Tony Fadell on Design, Curiosity, and Developing the iPod

Scott Belsky interviews Tony Fadell, winner of the Behance ALVA Award for his innovative work, at the 99U Conference.

In a video from the 99U ConferenceScott Belsky interviews Tony Fadell, winner of the Behance ALVA Award for his innovative work. Fadell, an engineer and inventor, oversaw the evolution of the iPod at Apple and is currently the CEO of Nest Labs, which created the Nest Learning Thermostat. In this talk, he breaks down the creative process of developing a new product and the importance of setting constraints and milestones. "You can't listen to the experts all the time," Fadell explains. "Sometimes the experts will tell you 'no:'"

I built a prototype for the iPod -- early days -- and I had this crazy idea for how to make a very fast hard drive and a really low-power music player, using this chip and making it ... very very cost effective. And I looked at everything, and I prototyped it, and I go, "It seems like it's working! It looks like it's working fine," but I really didn't know enough about this protocol, this certain thing. So I said, "I'm going to call in an expert." So I call an expert from another part of Apple, who had never seen the product because it was super secret, and they came over, and I described what I was trying to do, and I talked about why I thought it worked ... and the expert goes, "That'll never work! It'll absolutely never work! This is crazy. It's the stupidest idea I've ever heard." And I say, "Well, it's right here! It works. It's working just fine." And that guy stormed off in a huff, and literally a few months later we shipped the iPod.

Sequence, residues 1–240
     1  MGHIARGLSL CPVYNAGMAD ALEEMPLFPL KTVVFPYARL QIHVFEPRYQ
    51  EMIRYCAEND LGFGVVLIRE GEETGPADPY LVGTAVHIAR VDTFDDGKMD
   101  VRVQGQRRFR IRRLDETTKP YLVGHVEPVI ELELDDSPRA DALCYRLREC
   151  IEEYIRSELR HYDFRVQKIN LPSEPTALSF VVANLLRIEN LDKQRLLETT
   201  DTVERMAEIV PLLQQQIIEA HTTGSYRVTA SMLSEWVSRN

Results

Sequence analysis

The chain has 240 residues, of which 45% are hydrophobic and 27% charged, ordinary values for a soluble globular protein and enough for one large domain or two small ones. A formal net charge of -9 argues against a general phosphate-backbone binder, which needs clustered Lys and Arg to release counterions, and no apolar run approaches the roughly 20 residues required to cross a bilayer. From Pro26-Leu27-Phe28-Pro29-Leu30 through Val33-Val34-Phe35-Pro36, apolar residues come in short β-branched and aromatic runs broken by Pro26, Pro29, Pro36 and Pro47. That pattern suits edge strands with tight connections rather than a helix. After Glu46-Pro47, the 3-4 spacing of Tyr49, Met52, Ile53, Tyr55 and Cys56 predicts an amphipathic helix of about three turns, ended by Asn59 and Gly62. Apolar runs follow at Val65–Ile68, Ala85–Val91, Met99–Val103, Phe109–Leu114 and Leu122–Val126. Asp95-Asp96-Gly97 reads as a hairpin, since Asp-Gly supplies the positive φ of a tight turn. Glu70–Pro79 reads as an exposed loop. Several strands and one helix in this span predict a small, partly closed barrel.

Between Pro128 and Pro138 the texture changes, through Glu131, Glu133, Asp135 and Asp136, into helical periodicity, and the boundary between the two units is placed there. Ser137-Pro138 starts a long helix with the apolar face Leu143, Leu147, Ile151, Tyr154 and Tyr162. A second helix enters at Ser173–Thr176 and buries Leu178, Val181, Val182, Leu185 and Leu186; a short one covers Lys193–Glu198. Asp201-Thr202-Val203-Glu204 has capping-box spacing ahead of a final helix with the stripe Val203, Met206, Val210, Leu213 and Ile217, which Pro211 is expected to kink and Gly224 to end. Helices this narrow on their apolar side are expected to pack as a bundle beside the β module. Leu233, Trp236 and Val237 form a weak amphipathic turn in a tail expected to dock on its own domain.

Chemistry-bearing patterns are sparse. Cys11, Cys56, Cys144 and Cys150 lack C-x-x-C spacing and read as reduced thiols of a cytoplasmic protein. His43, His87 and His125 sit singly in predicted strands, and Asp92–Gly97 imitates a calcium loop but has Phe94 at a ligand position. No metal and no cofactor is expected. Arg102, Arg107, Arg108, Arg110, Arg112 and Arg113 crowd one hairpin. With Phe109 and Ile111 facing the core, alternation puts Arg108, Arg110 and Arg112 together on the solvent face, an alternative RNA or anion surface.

For more videos from the 99U Conference, visit http://the99percent.com/.

Kasia Cieplak-Mayr von Baldegg is the executive producer for video at The AtlanticMore

Cieplak-Mayr von Baldegg joined The Atlantic in 2011 to launch its video channel and, in 2013, create its in-house video production department. She leads the development and production of original documentaries, interviews, and other video content for The Atlantic. Previously, she worked as a producer at Al Gore’s Current TV and as a content strategist and documentary producer in San Francisco. She studied filmmaking and digital media at Harvard University.

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